Successful ACOs are expected to manage costs by aligning incentives for hospitals,...
High stakes with the Health and Social Care Bill last week. But at our Health Policy Summit 2012 we pushed aside for a minute big reform, structures, and long run consensus-dividers such as competition/choice, public/private, and command versus autonomy.
Instead, we majored on – as guest Don Berwick so thoughtfully put it – ‘contextually adaptive changes’.
A physician who was formerly chief of the Centers for Medicaid and Medicare and the Institute for Healthcare Improvement, Don was upbeat that with the right changes...
Annual per capita growth rates in acute care costs are increasing fastest for older adults.
Given that this growth rate is expected to continually increase, it is imperative that we increasingly focus our efforts around developing new cost-conscious models that are also able to meet the complex needs of older patients.
The biggest problem is that our current hospital care model was developed years ago when most adults tended to not live past 65 or were living with chronic illnesses and usually only had one active problem that brought them to hospital.
The Nuffield Trust’s fourth Health Policy Summit opens on Wednesday, bringing together senior health leaders, clinicians, policy-makers and academics. The timing is not auspicious.
The intense political wrangling over the Health and Social Care Bill has spilled out beyond Westminster and is dividing professionals in the NHS. Even at this late stage the Bill’s passage through Parliament is uncertain.
Whatever you might think of the Government’s proposals, the financial challenge that predated them is now a reality for the NHS. It is also rapidly becoming...
As the purchaser of health services for the British population, the NHS has always had to make hard choices about who is eligible for treatment, what services to cover and what criteria patients need to meet before treatment is administered.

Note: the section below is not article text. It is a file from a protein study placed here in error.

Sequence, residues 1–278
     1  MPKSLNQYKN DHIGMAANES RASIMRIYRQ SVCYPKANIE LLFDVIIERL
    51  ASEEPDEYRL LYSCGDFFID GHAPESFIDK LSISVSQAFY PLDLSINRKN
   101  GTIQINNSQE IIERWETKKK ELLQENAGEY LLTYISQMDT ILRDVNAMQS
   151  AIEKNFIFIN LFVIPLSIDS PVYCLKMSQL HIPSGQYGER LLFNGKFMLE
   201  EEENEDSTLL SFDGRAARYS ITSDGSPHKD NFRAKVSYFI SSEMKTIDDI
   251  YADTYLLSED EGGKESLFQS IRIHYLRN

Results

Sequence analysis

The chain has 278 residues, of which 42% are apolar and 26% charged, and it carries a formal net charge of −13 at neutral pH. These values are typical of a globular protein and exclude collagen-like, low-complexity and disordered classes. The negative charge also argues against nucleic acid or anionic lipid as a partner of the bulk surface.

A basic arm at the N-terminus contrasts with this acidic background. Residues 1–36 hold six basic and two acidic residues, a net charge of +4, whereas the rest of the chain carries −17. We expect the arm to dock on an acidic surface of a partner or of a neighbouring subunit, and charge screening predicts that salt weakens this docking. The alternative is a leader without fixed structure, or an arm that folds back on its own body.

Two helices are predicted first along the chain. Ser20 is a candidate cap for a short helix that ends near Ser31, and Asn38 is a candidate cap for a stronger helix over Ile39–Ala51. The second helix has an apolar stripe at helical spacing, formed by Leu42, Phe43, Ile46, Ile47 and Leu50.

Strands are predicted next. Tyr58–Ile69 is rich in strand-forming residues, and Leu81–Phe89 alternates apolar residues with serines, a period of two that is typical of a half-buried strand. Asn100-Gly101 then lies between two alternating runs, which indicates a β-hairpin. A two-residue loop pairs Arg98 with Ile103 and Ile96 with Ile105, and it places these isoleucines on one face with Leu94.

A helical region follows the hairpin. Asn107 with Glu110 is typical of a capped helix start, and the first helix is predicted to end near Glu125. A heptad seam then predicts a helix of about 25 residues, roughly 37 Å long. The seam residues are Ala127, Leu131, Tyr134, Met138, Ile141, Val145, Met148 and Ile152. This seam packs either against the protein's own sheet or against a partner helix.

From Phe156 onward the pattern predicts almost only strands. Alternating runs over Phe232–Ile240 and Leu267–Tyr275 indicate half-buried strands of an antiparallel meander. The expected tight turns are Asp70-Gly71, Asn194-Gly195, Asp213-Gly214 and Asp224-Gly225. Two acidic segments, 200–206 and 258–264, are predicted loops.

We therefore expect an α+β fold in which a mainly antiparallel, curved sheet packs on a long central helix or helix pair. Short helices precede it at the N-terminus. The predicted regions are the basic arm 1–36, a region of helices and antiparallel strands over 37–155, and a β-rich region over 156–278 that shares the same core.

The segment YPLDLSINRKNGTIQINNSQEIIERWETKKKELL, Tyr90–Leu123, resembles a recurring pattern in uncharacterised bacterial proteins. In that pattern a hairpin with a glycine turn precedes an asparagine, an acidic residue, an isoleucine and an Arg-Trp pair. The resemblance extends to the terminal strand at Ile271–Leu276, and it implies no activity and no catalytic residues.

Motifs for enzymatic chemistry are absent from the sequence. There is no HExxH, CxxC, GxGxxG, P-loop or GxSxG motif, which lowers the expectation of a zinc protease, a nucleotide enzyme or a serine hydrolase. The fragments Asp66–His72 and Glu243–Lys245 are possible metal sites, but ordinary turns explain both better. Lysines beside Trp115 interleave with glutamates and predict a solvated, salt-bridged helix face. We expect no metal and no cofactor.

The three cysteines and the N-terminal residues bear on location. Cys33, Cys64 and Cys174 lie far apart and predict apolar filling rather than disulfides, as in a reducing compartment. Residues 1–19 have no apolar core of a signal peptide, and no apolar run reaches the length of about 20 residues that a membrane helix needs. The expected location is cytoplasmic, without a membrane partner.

In recent months in particular, there have been extensive debates about who bears responsibility for making these decisions and the basis on which they should be made.
The NHS Trust sector is now forecasting a surplus of just 0.1 per cent of income in 2011-12, with seven NHS Trusts alone forecasting an operating deficit of over £180 million combined. This is a marked deterioration from previous years and casts further doubt over the sustainability of many NHS Trusts.
For a great many Trusts seeking solutions to entrenched financial problems, the preference has been to merge into ever bigger units. The notable exception being Hinchingbooke Hospital, where the private health care provider Circle takes...
A centre-right coalition Government; an unsustainable hospital sector needing reform; an ageing population living with more chronic disease; calls for more integrated care; and a belief in the power of local clinical leadership to bring about such change. Sounds familiar? Well, up to a point.
Last year the Archbishop of Canterbury attacked what he described as "the quiet resurgence of the seductive language of the deserving and undeserving poor".
The pressure to make huge savings within the NHS, coupled with the commissioning agenda and the introduction of private competition to that process could see the deserving and undeserving poor joined by the deserving and undeserving sick. This can't be right. After all, no one chooses to be sick.
When I hear insulting terms like "frequent flyers" being used to describe people who are sick and need...
Resistance might be expected from the British Medical Association (BMA) and the Royal College of Nursing (RCN) and other unions, but it is now more widespread and even reported from deep in his own party, among cabinet colleagues. The public are bewildered and staff in the service doing a difficult job while debate rages and the...
I got an encouraging letter from the Secretary of State responding to our and The King’s Fund’s analysis on how integrated care could be developed in England. Our publication and other bits are a synthesis of what we know, with some concrete suggestions on how to move ahead.
There is now a tailwind, and the Department of Health, NHS Commissioning Board and Monitor are currently mulling over how best to respond. More on this in the spring.
Meantime, for those weary of Kaiser and Torbay as examples, The Commonwealth Fund this...